Going Deeper 7-2-19

The first reading for Pentecost 4...
2 Kings 5:1-14  Naaman, commander of the army of the king of Aram, was a great man and in high favor with his master, because by him the Lord had given victory to Aram.  The man, though a mighty warrior, suffered from leprosy.  Now the Arameans on one of their raids had taken a young girl captive from the land of Israel, and she served Naaman's wife.  She said to her mistress, "If only my lord were with the prophet who is in Samaria!  He would cure him of his leprosy."  So Naaman went in and told his lord just what the girl from the land of Israel had said.  And the king of Aram said, "Go then, and I will send along a letter to the king of Israel."  He went, taking with him ten talents of silver, six thousand shekels of gold, and ten sets of garments.  He brought the letter to the king of Israel, which read, "When this letter reaches you, know that I have sent to you my servant Naaman, that you may cure him of his leprosy."  When the king of Israel read the letter, he tore his clothes and said, "Am I God, to give death or life, that this man sends word to me to cure a man of his leprosy? Just look and see how he is trying to pick a quarrel with me."  But when Elisha the man of God heard that the king of Israel had torn his clothes, he sent a message to the king, "Why have you torn your clothes?  Let him come to me, that he may learn that there is a prophet in Israel."  So Naaman came with his horses and chariots, and halted at the entrance of Elisha's house.  Elisha sent a messenger to him, saying, "Go, wash in the Jordan seven times, and your flesh shall be restored and you shall be clean."  But Naaman became angry and went away, saying, "I thought that for me he would surely come out, and stand and call on the name of the Lord his God, and would wave his hand over the spot, and cure the leprosy!  Are not Abana and Pharpar, the rivers of Damascus, better than all the waters of Israel?  Could I not wash in them, and be clean?"  He turned and went away in a rage.  But his servants approached and said to him, "Father, if the prophet had commanded you to do something difficult, would you not have done it?  How much more, when all he said to you was, "Wash, and be clean'?"  So he went down and immersed himself seven times in the Jordan, according to the word of the man of God; his flesh was restored like the flesh of a young boy, and he was clean.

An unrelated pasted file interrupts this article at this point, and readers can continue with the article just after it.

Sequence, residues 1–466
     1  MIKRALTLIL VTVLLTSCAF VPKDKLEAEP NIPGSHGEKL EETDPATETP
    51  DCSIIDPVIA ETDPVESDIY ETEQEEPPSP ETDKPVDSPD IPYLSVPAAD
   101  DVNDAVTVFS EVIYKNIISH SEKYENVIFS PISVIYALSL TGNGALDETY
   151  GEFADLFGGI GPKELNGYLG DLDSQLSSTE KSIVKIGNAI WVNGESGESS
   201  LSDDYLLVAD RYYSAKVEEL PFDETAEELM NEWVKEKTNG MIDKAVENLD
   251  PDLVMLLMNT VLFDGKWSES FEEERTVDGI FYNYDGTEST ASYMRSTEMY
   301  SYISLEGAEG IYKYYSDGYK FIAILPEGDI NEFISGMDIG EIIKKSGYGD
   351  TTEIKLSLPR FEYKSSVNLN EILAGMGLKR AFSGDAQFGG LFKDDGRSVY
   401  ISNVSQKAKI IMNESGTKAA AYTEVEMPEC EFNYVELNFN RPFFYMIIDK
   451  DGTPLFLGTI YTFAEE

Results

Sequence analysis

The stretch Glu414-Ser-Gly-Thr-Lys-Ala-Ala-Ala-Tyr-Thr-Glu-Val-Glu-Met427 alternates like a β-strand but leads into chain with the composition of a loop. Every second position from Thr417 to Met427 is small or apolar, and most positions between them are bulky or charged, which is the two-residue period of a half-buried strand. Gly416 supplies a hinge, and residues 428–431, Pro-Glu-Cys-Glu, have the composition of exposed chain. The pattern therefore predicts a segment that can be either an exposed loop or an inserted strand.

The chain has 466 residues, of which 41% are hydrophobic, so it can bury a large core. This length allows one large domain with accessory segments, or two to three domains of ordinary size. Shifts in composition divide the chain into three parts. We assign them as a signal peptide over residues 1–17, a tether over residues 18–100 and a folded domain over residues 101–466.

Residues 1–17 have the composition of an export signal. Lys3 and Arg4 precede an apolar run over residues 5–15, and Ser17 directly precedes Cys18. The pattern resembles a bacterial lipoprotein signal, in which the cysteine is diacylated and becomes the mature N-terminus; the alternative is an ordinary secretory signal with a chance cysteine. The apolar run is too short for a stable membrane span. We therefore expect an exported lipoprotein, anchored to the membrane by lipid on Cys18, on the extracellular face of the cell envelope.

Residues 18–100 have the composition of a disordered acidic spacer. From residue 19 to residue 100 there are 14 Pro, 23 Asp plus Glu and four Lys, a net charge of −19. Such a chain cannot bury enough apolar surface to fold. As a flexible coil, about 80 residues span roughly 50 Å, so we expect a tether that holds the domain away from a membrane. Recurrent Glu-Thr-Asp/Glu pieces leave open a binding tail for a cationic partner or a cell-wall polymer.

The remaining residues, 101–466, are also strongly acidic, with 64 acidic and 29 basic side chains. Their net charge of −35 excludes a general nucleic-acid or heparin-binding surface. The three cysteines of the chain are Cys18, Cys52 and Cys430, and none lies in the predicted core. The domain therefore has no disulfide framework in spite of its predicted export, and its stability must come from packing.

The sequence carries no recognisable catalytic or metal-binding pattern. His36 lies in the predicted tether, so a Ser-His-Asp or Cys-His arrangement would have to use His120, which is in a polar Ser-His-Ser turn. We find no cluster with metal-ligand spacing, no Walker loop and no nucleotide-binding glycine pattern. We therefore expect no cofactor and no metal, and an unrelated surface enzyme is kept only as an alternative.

This is a truly remarkable story on many levels.  Most significantly, it demonstrates that God's compassion extended beyond the descendants of Abraham... even to their enemies!!   When Jesus referred to this story once in his hometown, it nearly got Him killed.  How easy it has been throughout history for God's children to assume that their enemies must by extension be God's enemies as well.  Jesus' mission contradicts that mindset from start to finish.

This story also demonstrates that power and riches can only extend so far.  Commander Naaman comes loaded with both, bringing "ten talents of silver, six thousand shekels of gold, and ten sets of garments," as well as "his horses and chariots."  In later verses, we find out that Elisha refused to accept anything, even as a "thank you" gift.  Money and power have no impact in this story.  The healing is all grace.

Finally, we see the value of humility in this story.  That Naaman would listen to input from a slave girl is remarkable.  That he would be willing to go to a prophet among his enemies is also quite surprising (although it might also be a sign of sheer desperation).   But after an initial reaction of disgust to Elisha's simple instructions, Naaman does listen to his servants and does what the prophet had said, and a miraculous healing followed.

Compassion, grace, and humility.  Three vital lessons for all to learn!

With You in His Love,

Mark Gabbert, Pastor
Zion Lutheran Church
Wellington, Colorado

"No one cares how much you know until they know how much you care."